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Morning Notes For November 15th 2010




Morning Notes For November 15th 2010

The following is a guest post by a buy-side analyst working in a US asset management firm. The author's comments are in italics. I welcome your feedback in the comments:

  • Gary Shilling, who predicted the U.S. housing collapse, says the stock market is overvalued and foresees a "significant" selloff within a year. – Bloomberg
  • Richmond Fed President Jeffrey Lacker said the central bank may soon need to tighten policy even amid a high U.S. unemployment rate to avert a rise in prices similar to the 1970s. – Bloomberg
  • The US should curb the Fed's power over the money supply and return to the gold standard, James Grant, publisher of Grant's Interest Rate Observer, wrote in a NYT opinion piece. – Bloomberg
  • The benefits of open trade generally outweigh the costs, according to a report from the OECD, the International Labor Organization,the World Bank and the World Trade Organization presented at the G-20 summit. The report recommends that to sustain support for open markets, the costs must be recognized, "and policies put in place to assist workers and communities to adjust to a more competitive environment." – OECD – Organization for Economic Cooperation & Development
  • US homebuyers can borrow more cheaply than the government for the first time. – Bloomberg

30 Year Mortgage Rate vs. 30 Year Treasury Yield
30 year mortgage rates Treasury yield Nov 2010

This is because the ten year treasury yields are usually the benchmark for 30 year mortgage rates (not 30 year treasury yields). In QE2, the Fed is targeting ten year treasury rates more than 30 year. Thus, by holding down ten year treasury yields, the fed is effectively holding down 30 year mortgage rates.

  • Dollar strong/Treasury weakness – the "anti-QE2" trade continues – some catalysts: 1) continued pressure applied on the Fed re its asset purchase program (see this morning's WSJ), prompting speculation Bernanke may not follow through w/the full authorization; 2) policy gap between Fed and ECB seen as narrowing (with talk of Ireland assistance); 3) growth gap between US and ECB seen widening in US favor (following the sluggish Eurozone GDP numbers released on Friday). – JPM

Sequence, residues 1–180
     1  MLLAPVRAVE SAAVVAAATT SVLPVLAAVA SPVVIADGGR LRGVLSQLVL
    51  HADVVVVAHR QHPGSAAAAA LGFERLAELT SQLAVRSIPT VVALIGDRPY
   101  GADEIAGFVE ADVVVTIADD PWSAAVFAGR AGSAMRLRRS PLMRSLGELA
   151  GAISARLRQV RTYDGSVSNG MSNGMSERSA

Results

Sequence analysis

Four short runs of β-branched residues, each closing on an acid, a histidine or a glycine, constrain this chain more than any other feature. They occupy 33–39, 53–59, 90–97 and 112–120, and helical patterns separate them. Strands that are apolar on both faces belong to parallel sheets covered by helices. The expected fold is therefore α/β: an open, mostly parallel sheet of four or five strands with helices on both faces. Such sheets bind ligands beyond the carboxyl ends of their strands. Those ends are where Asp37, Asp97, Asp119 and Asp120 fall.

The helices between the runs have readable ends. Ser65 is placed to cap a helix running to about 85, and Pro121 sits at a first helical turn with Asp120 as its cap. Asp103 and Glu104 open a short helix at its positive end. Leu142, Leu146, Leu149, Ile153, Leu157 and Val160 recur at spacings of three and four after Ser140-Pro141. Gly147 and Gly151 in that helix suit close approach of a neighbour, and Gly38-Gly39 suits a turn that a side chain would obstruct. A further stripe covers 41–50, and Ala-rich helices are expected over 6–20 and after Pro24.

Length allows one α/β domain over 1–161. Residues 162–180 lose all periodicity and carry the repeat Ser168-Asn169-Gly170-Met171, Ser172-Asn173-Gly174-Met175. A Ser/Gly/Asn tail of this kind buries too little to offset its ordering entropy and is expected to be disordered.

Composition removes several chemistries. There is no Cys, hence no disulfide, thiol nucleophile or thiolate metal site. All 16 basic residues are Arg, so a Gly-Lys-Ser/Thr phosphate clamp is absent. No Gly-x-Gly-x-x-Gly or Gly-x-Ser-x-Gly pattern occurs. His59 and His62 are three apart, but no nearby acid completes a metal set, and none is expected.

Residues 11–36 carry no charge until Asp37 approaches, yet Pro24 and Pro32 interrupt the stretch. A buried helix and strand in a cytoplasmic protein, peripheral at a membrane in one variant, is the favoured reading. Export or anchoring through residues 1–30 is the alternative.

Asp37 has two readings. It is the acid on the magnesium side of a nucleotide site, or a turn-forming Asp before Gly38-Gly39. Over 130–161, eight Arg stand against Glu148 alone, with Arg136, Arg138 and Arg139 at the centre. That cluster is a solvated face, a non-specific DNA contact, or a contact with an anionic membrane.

• Municipal debt markets received a lot of attention after their drubbing last week (the WSJ and NYT both had features discussing the sell-off in the muni market; note that there are ~2.5x the amount of muni sales scheduled for this week vs. last). – JPM

Yields on AAA 10 year Munis
10 year AAA muni rate Nov 2010

  • "We believe the Federal Reserve's large-scale asset purchase plan (so-called "quantitative easing") should be reconsidered and discontinued. We do not believe such a plan is necessary or advisable under current circumstances. The planned asset purchases risk currency debasement and inflation, and we do not think they will achieve the Fed's objective of promoting employment" – WSJ
  • WSJ economics survey – economists don't expect there to be a QE3. Most see growth of 2.4% in Q4 and 2.6% in the first half of 2011. Growth is seen accelerating slightly to 3% in the second half of next year. – WSJ
  • Greenspan on Meet The Press warned about a potential crisis in the Treasury markets unless action is taken to cut the US budget deficit – Reuters
  • Cigarette companies are ramping up efforts around the globe to combat new efforts on the part of emerging market (EM) governments to restrict the sales of tobacco products. Cigarette companies view emerging markets as critical growth opportunities as smoking rates in the US and Europe decline. – NYT
  • Scientists now think sea levels could rise ~3 feet this century while other are fearful of a rise of as much as 6 feet; the former number would pose serious risks to coastal regions around the world, w/flooding becoming much more frequent, while the latter would jeopardize some of the world's great cities – NYTgo see Venice while you can.
  • Currency wars hit the Youtube mainstream in a U.S.-China rap battle animation that had more than 150,000 viewers as of Sunday. "They're not enemies, but frenemies, with co-dependent economies," according to the chorus. – Bloomberg/Youtube
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